books on radio history attempt to explain just why this marriage has been so
durable and so effective—Paul Matzko’s The
Radio Right, which covers the 1940s through the 1960s, and Brian
Rosenwald’s Talk Radio’s America,
which covers the 1980s through the present. The two books have very different
conceptions of how and why that marriage endured, but they both demonstrate
that broadcasters like McIntire and Rush Limbaugh were just as important to
building the Republican Party as deified political figures like George Wallace,
William Buckley, or Pat Buchanan. Indeed, far from being a mere tool of the
Republican Party, talk radio is revealed in these new books as the dominant
explanation for that party’s continued existence, an essential precondition of the
far right’s cultural dominance today.
For the first few decades of its existence, radio was not a conservative medium: Figures like Huey Long and Father Charles Coughlin used broadcasts to foment support for labor rights and railroad nationalization, and Franklin Delano Roosevelt recorded weekly “fireside chats” to shore up support for the New Deal. It was only with the rise of television as the premier broadcast medium in the 1950s that radio became fertile ground for conservatives. When investors, advertisers, and politicians threw all their resources into TV, they left behind a radio landscape mostly populated by independent stations that could not afford to be picky about what they broadcast.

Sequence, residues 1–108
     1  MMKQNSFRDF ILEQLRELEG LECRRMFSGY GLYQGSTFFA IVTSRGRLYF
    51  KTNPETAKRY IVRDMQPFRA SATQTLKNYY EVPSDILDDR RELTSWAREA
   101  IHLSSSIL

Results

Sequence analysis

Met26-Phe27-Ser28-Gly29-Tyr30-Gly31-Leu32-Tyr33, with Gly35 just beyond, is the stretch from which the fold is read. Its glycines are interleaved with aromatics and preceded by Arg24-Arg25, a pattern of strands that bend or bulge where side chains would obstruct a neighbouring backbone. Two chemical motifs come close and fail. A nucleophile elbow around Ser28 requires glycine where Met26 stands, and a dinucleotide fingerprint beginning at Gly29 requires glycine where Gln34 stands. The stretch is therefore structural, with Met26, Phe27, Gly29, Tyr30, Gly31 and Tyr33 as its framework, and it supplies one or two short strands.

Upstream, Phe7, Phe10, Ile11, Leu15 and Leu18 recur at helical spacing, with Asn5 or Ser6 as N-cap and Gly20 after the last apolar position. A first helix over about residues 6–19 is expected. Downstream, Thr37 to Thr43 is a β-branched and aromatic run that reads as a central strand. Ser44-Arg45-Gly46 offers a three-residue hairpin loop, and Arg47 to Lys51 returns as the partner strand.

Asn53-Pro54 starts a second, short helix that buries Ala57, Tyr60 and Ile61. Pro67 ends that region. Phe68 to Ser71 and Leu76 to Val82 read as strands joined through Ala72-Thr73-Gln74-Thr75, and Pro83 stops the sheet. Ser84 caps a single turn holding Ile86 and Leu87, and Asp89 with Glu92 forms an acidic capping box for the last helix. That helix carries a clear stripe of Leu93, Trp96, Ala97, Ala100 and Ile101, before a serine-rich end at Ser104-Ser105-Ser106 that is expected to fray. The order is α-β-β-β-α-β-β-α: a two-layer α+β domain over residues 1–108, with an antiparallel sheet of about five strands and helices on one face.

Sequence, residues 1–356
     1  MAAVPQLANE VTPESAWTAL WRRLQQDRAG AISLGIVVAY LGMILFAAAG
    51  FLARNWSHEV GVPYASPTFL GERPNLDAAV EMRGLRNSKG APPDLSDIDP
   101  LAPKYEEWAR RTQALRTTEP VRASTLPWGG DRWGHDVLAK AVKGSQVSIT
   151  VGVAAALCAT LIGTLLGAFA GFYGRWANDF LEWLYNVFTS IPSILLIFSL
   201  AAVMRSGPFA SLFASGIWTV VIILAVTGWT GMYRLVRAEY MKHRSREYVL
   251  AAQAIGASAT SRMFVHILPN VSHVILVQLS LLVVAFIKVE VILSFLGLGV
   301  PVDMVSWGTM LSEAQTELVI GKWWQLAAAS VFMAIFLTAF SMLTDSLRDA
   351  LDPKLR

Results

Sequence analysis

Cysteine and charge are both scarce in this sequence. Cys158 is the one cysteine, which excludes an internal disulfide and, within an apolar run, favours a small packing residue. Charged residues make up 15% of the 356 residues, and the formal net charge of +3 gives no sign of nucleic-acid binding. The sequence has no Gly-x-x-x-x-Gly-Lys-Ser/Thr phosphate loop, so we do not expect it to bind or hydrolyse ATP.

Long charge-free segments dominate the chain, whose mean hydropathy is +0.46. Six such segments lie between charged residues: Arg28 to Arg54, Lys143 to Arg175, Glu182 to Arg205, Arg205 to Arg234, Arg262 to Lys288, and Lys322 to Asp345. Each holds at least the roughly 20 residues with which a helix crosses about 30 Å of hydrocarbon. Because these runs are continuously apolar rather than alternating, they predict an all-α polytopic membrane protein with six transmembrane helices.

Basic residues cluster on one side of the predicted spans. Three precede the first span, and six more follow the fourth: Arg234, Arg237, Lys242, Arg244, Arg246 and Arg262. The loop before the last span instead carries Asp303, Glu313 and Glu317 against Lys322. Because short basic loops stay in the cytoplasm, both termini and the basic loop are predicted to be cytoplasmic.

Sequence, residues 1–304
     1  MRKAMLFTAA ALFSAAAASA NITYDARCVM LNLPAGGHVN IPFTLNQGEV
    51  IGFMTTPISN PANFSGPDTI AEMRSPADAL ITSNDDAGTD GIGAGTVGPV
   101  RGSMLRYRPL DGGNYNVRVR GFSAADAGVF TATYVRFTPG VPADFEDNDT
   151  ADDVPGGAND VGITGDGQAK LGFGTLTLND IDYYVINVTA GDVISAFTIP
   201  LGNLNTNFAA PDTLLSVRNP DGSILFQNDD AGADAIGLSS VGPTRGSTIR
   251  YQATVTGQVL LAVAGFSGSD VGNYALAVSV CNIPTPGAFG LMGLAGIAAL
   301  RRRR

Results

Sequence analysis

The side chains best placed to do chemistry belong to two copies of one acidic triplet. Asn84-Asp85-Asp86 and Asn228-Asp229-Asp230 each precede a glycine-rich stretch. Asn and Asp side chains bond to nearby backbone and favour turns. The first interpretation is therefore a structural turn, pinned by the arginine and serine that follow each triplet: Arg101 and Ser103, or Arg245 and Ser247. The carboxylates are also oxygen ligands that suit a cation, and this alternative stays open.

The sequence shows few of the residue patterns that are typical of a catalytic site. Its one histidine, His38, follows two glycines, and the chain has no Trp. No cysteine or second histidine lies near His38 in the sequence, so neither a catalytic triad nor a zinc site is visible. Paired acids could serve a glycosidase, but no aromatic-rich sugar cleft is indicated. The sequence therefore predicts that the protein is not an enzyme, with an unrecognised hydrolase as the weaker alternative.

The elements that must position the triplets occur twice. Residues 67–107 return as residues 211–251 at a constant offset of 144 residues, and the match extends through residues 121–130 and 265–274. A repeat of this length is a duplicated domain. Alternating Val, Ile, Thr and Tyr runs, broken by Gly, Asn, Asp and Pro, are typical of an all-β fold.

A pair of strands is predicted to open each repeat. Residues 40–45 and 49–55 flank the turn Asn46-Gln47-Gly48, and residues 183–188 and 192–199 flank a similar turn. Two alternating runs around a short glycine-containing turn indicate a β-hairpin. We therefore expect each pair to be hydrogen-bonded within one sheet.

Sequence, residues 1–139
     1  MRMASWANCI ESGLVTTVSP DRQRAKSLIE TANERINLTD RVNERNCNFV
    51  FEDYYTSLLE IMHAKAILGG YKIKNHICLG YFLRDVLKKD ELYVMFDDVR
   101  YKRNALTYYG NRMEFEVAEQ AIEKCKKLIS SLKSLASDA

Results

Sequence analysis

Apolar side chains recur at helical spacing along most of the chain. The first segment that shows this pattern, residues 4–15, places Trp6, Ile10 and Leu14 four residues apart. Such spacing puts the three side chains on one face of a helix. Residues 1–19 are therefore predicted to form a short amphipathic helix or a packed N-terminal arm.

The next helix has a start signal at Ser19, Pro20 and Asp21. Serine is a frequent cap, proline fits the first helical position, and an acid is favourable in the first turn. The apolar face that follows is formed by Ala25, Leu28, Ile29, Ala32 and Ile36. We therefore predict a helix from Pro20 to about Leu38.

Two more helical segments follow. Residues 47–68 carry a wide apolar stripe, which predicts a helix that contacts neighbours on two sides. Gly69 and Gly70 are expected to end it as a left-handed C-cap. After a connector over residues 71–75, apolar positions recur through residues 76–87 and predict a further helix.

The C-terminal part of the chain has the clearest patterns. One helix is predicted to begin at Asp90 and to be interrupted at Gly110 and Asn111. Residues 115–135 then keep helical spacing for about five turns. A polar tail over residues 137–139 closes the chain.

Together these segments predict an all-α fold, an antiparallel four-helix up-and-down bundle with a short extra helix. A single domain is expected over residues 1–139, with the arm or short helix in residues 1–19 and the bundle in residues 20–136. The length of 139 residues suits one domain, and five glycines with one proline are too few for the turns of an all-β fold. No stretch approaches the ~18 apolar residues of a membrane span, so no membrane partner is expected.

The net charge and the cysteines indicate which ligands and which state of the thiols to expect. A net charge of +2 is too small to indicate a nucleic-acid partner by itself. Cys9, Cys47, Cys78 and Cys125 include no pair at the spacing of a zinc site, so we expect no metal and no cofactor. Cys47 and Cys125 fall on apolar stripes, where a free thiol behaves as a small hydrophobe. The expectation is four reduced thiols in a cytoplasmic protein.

Soon a horde of right-wing broadcasters rushed into that landscape: McIntire and his fellow preacher Billy James Hargis, the oil magnate H.L. Hunt, the Catholic scholar Clarence Manion, and the candy manufacturer Robert Welch. These broadcasters bought up air time for cheap from hundreds of stations, cobbling together de facto syndication networks: The reach of McIntire’s Twentieth Century Reformation Hour grew from less than 25 stations in 1958 to almost 500 stations in 1964, by which time his daily audience well exceeded 20 million listeners; the overall station reach of conservative broadcasters increased by more than 1,300 percent over the same period, reaching citizens who otherwise weren’t being engaged by politicians or the media.